The bugs were another large shock. Palmetto bugs are much bigger than any roach I’d ever seen up north, and while they weren’t in my Atlanta home (that I knew of), they’d come out in Atlanta’s long summer, wandering around now and again on the pavement near my home. Needless to say, I kept my place meticulously clean in an effort to ward them off.
Moving from Boston to Atlanta changed me in a lot of ways. I became a more aggressive driver, for one, which partly meant that I stopped caring when someone tailgated me. I walked less, but took up jogging – even ran the Peachtree Road Race! I found a favorite bookstore (Peerless Book Store in Johns Creek), and browsed its shifting stock whenever I could. I also discovered air conditioning (which I’d never really had when living up north), and learned that I loved painting when I signed up for weekend painting classes. My speech patterns even changed a little bit. At first, I’d say “y’all” somewhat ironically. I’m not sure it sounds natural now, but it is more convenient than most other alternatives.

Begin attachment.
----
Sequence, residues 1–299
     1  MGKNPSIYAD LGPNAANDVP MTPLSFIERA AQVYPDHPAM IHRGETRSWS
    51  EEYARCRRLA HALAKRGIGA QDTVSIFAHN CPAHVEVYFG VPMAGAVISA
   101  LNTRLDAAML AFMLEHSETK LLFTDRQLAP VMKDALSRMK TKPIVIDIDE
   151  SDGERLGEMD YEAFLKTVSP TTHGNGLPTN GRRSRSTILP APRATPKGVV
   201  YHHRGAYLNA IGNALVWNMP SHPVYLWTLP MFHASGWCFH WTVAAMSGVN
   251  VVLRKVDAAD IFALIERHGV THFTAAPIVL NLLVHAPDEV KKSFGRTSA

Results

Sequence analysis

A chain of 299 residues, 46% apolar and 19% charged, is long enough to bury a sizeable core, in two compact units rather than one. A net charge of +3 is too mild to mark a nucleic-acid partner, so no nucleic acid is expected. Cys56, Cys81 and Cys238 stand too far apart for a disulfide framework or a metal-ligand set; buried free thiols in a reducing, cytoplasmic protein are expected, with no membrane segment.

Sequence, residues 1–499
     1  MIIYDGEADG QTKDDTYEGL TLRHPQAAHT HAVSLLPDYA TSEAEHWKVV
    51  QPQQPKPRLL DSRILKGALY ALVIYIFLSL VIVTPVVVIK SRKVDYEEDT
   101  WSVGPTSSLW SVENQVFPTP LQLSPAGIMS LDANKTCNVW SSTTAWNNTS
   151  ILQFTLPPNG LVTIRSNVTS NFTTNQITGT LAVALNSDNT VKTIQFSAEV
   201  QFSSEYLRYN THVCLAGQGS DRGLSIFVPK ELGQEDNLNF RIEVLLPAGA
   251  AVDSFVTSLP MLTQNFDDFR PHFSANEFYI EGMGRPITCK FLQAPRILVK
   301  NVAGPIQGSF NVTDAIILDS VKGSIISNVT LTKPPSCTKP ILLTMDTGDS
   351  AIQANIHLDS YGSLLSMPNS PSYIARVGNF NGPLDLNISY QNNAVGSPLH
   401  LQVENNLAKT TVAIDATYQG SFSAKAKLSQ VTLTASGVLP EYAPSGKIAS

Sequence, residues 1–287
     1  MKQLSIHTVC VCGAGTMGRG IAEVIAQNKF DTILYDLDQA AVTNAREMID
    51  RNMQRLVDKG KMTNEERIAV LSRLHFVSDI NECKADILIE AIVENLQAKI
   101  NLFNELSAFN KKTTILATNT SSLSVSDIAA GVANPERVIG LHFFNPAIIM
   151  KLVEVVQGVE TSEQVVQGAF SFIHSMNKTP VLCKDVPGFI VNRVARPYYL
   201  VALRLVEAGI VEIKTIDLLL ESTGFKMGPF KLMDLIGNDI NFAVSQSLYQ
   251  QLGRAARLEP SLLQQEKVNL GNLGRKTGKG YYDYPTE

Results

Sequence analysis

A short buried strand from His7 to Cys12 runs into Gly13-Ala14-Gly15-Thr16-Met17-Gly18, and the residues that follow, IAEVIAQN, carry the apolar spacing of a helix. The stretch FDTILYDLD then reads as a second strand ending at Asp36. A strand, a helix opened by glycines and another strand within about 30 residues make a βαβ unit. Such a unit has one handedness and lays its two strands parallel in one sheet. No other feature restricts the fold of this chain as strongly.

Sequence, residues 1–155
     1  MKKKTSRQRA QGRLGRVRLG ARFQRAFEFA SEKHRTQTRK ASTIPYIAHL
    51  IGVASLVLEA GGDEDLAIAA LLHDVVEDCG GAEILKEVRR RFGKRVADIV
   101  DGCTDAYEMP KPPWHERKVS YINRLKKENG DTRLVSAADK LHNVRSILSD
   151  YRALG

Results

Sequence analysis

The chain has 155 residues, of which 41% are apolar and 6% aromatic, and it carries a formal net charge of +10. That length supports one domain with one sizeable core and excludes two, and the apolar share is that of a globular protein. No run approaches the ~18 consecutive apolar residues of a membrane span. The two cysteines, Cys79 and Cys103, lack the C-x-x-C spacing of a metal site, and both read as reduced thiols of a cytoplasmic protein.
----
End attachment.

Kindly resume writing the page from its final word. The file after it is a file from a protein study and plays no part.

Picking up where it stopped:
Perhaps most importantly, I stayed in touch with my friends in the Northeast – even became closer with some of them – and made quite a few Southern friends, both in and out of work. Having a dog makes for an instant socialization opportunity, especially if you visit the dog park at regular times.
I’ve recently transplanted once again to Raleigh (this time with a family in tow). So far, we’re all just figuring out where our favorite restaurants are (to date, the Irregardless Café is far and away my favorite), and discovering new things about ourselves.